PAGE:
Community Activism: Helping the Homeless
Community Activism: Helping the Homeless
By Melissa Murphy
“For I was hungry and you gave me something to eat, I was thirsty and you gave me something to drink, I was a stranger and you invited me in….”
-Holy Bible, Matthew 25:35 (NIV)
According to the National Coalition for the Homeless, upwards of 13% of people in the U.S live in poverty. Of that 13%, about two-thirds are one crisis away from homelessness and about a third already have no place to call home. And, worse yet, there are a growing number of children in the homeless population.
For a community to become aware of the problems it faces, a better understanding of those problems is needed. Of the several categories that homeless people fall into, the most visible are the chronically homeless – those who have no set dwelling place for extended periods of time. In general, the chronically homeless have little or no stable means of physical or emotional support such as family and friends. To make matters worse, a large percentage of homeless people struggle with addiction issues and many suffer from mental illness. Many are victims of domestic violence, veterans, and ex-convicts, but all of them are human beings who, on a daily basis, experience the frustration of wondering how, or if, they will survive.
Because people often do not understand the needs and circumstances surrounding homelessness, they frequently react in a variety of ways. They may feel disgusted, repulsed, angry, or fearful. Since a growing number of communities are affected by the complexities of this emergent population, it helps to become educated about homelessness and learn to respond in ways that are more positive, compassionate, and beneficial. Here are a few things that people can do to impact their communities:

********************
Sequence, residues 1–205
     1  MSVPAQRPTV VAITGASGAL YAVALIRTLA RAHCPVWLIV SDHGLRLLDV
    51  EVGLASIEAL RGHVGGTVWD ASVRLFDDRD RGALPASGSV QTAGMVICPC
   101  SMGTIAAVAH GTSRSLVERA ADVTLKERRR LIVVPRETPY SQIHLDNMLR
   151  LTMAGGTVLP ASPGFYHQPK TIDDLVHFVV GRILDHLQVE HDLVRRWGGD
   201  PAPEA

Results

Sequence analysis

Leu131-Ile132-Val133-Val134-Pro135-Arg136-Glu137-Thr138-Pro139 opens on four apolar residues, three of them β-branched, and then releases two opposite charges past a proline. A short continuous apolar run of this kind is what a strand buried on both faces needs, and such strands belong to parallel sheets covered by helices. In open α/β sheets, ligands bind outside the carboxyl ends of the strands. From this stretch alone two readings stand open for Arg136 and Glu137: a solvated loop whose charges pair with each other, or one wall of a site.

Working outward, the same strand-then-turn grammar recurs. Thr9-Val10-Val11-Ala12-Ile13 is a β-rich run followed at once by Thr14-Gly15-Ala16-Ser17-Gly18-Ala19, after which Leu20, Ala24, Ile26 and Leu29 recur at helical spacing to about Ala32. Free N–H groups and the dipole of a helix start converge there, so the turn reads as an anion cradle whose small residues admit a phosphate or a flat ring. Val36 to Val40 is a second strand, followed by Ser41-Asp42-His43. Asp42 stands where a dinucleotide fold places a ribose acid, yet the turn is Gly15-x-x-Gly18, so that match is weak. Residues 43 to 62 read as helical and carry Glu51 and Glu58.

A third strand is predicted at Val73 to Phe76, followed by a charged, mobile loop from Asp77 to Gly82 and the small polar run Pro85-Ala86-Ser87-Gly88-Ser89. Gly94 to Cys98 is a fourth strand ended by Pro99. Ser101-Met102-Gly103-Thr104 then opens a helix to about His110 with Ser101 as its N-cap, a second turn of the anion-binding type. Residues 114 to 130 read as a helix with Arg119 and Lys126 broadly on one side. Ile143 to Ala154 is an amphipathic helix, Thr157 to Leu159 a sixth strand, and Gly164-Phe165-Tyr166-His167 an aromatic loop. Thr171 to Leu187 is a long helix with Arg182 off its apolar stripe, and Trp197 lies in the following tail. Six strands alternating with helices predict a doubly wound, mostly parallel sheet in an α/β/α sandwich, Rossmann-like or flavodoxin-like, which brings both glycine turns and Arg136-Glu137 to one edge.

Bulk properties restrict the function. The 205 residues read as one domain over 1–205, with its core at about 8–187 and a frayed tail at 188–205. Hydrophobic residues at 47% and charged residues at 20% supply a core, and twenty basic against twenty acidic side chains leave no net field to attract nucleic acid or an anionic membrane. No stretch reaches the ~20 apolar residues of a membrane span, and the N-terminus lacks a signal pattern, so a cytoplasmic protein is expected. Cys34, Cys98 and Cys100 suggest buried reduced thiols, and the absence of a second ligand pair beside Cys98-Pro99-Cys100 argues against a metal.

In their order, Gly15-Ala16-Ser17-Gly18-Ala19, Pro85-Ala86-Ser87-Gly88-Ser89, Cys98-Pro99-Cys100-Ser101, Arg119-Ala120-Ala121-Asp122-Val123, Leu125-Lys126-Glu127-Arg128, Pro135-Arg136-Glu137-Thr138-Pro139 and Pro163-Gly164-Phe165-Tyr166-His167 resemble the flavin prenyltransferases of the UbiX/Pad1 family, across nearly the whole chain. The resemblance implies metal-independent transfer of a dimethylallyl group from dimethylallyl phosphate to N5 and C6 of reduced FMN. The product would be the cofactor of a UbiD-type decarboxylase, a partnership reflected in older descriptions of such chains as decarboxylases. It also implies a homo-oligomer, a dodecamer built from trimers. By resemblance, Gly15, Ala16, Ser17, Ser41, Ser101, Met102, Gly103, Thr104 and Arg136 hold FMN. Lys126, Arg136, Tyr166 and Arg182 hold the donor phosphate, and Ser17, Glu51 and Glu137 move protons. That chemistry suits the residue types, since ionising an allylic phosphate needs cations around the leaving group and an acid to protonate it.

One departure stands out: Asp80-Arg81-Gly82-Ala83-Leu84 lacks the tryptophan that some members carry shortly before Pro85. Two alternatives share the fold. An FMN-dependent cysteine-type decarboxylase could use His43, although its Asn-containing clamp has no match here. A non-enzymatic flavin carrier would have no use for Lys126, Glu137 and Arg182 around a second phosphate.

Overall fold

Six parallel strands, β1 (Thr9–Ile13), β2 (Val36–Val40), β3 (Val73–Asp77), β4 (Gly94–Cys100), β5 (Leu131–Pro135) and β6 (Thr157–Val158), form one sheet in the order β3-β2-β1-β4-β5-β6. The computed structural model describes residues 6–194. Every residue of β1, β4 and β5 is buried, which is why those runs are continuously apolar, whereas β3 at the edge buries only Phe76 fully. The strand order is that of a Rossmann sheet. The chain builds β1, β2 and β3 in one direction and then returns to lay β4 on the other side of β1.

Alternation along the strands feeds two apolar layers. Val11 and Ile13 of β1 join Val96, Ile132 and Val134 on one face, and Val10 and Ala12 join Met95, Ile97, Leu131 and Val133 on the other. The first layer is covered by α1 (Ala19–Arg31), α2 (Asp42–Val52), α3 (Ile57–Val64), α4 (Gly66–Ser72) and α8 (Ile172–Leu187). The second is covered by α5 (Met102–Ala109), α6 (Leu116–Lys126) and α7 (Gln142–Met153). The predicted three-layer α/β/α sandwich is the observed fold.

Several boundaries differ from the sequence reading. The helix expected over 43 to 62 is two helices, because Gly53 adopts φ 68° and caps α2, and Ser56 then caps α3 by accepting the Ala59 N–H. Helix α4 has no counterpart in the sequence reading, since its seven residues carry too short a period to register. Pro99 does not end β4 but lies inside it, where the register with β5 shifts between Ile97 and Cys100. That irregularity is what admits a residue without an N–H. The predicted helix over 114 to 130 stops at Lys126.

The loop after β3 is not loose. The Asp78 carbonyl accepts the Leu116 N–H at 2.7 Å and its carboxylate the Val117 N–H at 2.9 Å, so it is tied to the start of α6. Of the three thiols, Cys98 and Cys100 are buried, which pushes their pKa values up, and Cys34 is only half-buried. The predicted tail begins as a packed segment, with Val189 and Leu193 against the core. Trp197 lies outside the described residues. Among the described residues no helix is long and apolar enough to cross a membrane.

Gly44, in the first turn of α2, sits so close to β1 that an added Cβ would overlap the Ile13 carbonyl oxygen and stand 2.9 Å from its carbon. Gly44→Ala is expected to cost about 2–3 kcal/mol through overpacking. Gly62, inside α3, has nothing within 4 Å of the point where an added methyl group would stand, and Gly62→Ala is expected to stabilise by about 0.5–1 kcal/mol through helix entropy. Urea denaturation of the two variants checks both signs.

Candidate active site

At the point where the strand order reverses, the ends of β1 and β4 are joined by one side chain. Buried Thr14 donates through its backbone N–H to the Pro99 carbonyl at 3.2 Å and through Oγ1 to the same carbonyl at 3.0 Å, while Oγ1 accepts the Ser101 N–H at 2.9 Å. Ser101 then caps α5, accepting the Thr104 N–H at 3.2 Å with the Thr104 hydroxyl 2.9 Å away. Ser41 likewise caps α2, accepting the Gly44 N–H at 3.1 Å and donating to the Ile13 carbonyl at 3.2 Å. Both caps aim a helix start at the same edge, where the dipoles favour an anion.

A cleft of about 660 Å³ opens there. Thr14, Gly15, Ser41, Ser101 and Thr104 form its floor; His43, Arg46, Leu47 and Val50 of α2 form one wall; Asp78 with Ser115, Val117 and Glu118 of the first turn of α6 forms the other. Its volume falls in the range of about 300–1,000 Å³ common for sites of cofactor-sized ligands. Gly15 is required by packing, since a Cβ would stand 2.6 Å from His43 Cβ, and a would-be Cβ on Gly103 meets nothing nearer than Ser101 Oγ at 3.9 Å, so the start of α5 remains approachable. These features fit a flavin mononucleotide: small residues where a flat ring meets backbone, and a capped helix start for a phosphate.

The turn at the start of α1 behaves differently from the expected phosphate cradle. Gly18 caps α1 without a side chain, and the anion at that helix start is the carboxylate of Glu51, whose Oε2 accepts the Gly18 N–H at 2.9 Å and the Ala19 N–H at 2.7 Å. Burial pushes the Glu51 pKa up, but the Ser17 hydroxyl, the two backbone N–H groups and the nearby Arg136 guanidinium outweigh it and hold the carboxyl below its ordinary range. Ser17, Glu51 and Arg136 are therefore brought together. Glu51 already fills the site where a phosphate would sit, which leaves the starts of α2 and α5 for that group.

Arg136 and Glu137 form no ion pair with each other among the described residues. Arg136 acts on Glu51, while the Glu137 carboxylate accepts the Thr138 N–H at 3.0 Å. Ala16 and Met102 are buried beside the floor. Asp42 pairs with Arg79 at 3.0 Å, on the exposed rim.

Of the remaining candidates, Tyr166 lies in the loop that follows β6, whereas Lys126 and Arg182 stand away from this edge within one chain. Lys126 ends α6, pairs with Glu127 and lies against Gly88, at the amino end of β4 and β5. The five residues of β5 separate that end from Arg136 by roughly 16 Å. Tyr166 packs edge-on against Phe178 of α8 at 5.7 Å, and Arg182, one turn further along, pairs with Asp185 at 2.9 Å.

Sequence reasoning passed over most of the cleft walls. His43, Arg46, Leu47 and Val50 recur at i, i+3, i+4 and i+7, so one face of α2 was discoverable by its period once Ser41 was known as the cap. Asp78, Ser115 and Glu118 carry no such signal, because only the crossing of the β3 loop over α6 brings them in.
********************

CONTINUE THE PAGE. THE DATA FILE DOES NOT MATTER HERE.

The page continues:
· Show kindness. Remember that having no home means having few belongings that connect you with your past. In addition, homeless people are often shunned by former friends and family member and have little or no contact with people that they love.
· Volunteer at local food pantries or soup kitchens. Members of the community can impact countless lives by simply giving a small amount of time to help do the work of feeding the homeless.
· Feed them yourself. Carry fast food certificates, fruit, or extra sandwiches to give to homeless people that you may encounter. The food you provide may be their only sustenance for the day.
· Make a donation. Find a non-profit organization that serves homeless people in your community and support them with donations. There are many shelters and other organizations that help homeless people by providing food, clothing, and personal care items. Donations of used adult and children’s clothing, toys, soap, deodorant, toothbrushes, toothpaste, household items, as well as monetary donations are graciously accepted.
· Share Your Knowledge. What could be a greater gift than teaching somebody what you know? Homeless people often lack the basic abilities that others take for granted. Can you repair small engines? Do you have computer skills? Can you garden or sew? Can you tutor a child? It’s important to remember that many homeless children don’t make it school every day. Teaching those skills to a homeless person at your local shelter can make a huge difference in their lives.
"You have not lived until you have done something for someone who can never repay you." - John Bunyan
The problem of chronic homelessness is quickly creeping into many communities that were previously unaffected and community involvement is becoming more important in addressing homelessness, as well as many other social issues. There are many things people can do to meet the priority needs of those that are homeless, but perhaps the most exciting aspect of a caring community that becomes involved is the prospect that preventative measures can be implemented to help reduce the incidence of homelessness in the future. Through understanding, compassion, and hard work, communities can take a more proactive stance to help the homeless in their neighborhoods.
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Institute for children and poverty. (2001). A shelter is not a home-Or is it?
Johnson, A.G. (2000). The Blackwell dictionary of sociology. Massachusetts: Blackwell publishing.